McCoy notices that the bolts are the same ones that hit the ship earlier, and Spock says that these are hundreds of times more powerful, and from those positions, they can destroy all life on Earth. Kirk tells "Ilia" that carbon units are a natural function of the Creator's planet and they are living things, not infestations. However "Ilia" says they are not true lifeforms like the Creator. McCoy realizes V'ger must think its creator is a machine.

Decker concurs, comparing it to "We all create God in our own image. Spock compares V'ger to a child and suggests they treat it like one. McCoy retorts that this child is about to wipe out every living thing on Earth.

To get "Ilia's" attention, Kirk says that the carbon units know why the Creator hasn't responded. The Ilia probe demands that Kirk " disclose the information. In response to this, V'ger cuts off the ship's communications with Starfleet. She tells him again to disclose the information. He refuses, and a plasma energy attack shakes the ship. McCoy tells Spock that the child is having a " tantrum. Kirk tells the probe that if V'ger destroys the Enterprise , then the information it needs will also be destroyed with it.

Ilia says that it is illogical to withhold the required information, and asks him why he won't disclose it. Kirk explains it is because V'ger is going to destroy all life on Earth. V'ger needs the information, says "Ilia. Spock tells Kirk that V'ger must have a central brain complex. Kirk theorizes that the orbiting devices are controlled from there. Kirk tells "Ilia" that the information can't be disclosed to V'ger 's probe, but only to V'ger itself.

Chekov tells Kirk that the energy bolts will reach their final positions and activate in 27 minutes. Kirk calls to Scott on the intercom and tells him to stand by to execute Starfleet Order — the self-destruct command. A female crewmember, Ross , asks Scott why Kirk ordered self-destruct, and Scott tells her that Kirk hopes that when they explode, so will the intruder.

The countdown is now down to 18 minutes. DiFalco reports that they have traveled 17 kilometers inside the vessel. Kirk goes over to Spock's station and sees that Spock has been crying. Spock tells him he is crying for V'ger , and that he weeps for V'ger as he would for a brother.

As he was when he came aboard the Enterprise , so is V'ger now — empty, incomplete, and searching. Logic and knowledge are not enough. McCoy realizes Spock has found what he needed, but that V'ger hasn't. Decker wonders what V'ger would need to fulfill itself. Spock comments that each one of us, at some point in our lives asks, " Why am I here?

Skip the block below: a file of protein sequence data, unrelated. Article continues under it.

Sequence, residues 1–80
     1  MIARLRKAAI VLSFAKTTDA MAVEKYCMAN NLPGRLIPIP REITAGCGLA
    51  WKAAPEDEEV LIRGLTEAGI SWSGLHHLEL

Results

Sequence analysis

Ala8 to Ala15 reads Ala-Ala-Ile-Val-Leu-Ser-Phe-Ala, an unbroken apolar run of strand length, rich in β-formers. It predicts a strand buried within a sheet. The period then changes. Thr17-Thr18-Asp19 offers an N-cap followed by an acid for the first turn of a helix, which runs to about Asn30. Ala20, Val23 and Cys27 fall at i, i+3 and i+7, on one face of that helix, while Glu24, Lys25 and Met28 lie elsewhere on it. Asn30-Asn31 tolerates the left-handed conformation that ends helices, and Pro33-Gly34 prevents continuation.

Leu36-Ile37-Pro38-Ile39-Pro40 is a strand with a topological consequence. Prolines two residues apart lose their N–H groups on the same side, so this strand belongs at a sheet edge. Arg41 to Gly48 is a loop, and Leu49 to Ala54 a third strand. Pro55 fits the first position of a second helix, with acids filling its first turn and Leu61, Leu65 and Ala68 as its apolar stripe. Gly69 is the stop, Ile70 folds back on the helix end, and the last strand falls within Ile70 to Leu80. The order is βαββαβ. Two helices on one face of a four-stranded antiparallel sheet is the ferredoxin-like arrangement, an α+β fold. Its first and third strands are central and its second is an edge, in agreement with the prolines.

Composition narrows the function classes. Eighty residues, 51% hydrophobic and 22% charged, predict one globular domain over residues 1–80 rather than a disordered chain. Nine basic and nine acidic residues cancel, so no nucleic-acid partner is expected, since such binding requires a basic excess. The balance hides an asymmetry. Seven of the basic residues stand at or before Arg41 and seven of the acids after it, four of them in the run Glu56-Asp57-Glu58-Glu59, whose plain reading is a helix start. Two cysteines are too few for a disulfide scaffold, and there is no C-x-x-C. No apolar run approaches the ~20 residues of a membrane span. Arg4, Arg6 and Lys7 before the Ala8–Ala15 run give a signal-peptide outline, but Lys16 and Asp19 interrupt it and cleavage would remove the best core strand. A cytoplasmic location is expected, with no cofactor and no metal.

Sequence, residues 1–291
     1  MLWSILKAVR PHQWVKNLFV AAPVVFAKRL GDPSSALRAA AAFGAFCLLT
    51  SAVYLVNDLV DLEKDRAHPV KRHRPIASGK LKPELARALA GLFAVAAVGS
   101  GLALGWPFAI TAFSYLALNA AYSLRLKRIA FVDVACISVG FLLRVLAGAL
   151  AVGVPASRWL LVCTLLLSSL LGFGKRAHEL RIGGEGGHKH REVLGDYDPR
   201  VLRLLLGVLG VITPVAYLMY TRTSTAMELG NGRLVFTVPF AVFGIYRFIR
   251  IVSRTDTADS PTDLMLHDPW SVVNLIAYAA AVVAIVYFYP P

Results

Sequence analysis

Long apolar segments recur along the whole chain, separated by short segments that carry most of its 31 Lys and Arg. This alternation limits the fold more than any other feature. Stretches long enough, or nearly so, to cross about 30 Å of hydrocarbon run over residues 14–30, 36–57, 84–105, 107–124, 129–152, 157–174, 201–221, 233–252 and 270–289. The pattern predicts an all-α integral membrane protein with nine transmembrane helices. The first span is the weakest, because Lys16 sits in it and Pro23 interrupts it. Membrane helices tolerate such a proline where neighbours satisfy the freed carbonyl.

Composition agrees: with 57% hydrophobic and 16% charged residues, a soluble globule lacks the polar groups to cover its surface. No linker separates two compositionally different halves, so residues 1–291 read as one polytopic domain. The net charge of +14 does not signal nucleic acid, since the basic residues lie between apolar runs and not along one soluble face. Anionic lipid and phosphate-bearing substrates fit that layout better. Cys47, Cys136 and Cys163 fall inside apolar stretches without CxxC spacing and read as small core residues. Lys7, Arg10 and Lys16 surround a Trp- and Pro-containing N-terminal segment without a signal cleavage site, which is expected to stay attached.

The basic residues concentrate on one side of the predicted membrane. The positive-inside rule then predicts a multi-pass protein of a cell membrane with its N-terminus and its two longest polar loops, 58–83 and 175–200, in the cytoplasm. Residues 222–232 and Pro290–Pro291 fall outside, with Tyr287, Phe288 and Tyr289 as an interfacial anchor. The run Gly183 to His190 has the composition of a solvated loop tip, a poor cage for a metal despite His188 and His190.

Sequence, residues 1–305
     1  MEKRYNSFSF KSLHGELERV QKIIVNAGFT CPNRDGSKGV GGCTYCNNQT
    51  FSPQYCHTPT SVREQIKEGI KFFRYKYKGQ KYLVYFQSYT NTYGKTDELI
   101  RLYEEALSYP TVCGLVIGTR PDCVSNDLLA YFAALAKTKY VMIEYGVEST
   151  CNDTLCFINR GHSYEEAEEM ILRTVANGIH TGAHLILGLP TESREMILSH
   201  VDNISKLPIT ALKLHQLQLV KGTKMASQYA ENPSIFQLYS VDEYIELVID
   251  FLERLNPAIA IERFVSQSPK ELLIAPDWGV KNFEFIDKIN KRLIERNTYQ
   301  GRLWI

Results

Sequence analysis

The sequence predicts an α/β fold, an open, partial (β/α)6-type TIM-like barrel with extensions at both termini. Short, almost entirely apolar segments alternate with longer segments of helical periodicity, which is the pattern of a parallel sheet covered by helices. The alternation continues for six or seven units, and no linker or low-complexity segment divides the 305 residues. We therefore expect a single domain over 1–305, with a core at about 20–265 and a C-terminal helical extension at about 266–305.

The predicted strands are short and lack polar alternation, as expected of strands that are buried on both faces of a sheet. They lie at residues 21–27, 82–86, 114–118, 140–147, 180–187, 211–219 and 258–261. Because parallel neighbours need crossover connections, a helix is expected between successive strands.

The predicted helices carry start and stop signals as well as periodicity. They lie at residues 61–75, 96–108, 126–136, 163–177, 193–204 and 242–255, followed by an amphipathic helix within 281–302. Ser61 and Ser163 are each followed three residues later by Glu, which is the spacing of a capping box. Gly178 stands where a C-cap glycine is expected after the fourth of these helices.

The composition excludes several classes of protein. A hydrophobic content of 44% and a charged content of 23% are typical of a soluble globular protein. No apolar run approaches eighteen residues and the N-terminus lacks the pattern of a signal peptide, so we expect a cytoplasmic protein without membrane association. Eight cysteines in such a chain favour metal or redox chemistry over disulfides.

DiFalco directs Kirk's attention to the viewscreen. Ahead of them is a structure with a bright light. Sulu reports that forward motion has stopped. Uhura has located the source of the radio signal and it is straight ahead. The landing party exits an airlock on the top of the saucer section and walks up the passageway.

At the end of the path is a concave structure, and in the center of it is an old NASA probe from three centuries earlier. Kirk tries to rub away the smudges on the nameplate and makes out the letters "V G E R". He continues to rub and discovers that the craft is actually Voyager 6.

Kirk recalls the history of the Voyager program — it was designed to collect data and transmit it back to Earth. Decker tells Kirk that Voyager 6 disappeared through a then-called black hole. Kirk says that it must have emerged on the far side of the galaxy and got caught in the machine planet's gravity. Spock theorizes that the planet's inhabitants found the probe to be one of their own kind — primitive, yet kindred.

They discovered the probe's 20th century programming, which was to collect data and return that information to its creator. The machines interpreted that instruction literally and constructed the entire vessel so that Voyager could fulfill its programming. Kirk continues by saying that on its journey back, it amassed so much knowledge that it gained its own consciousness. Kirk calls Uhura on his communicator and tells her to find information on the probe in the ship's computer , specifically the NASA code signal, which will allow the probe to transmit its data.

Decker realizes that that is what the probe was signaling — it's ready to transmit everything. Kirk then says that there is no one on Earth who recognizes the old-style signal — the Creator does not answer. Kirk calls out to V'ger and says that they are the Creator. Kirk says they will prove it by allowing V'ger to complete its programming.

Uhura calls Kirk on his communicator and tells him she has retrieved the code. Kirk tells her to set the Enterprise transmitter to the appropriate code frequency and to transmit the signal. Decker reads the numerical code on his tricorder and is about to read the final sequence, but V'ger burns out its own antenna leads to prevent reception.

McCoy warns Kirk that they only have ten minutes left. Decker figures out that V'ger wanted to bring the Creator here and transmit the code in person. Spock tells Kirk that V'ger 's knowledge has reached the limits of the universe and it must evolve. Kirk says that V'ger needs a Human quality in order to evolve. Decker thinks that V'ger joining with the Creator will accomplish that.

He then goes over to the damaged circuitry and fixes the wires so he can manually enter the rest of the code through the ground test computer. Kirk tries to stop him, but "Ilia" tosses him aside. Decker tells Kirk that he wants this as much as Kirk wanted the Enterprise.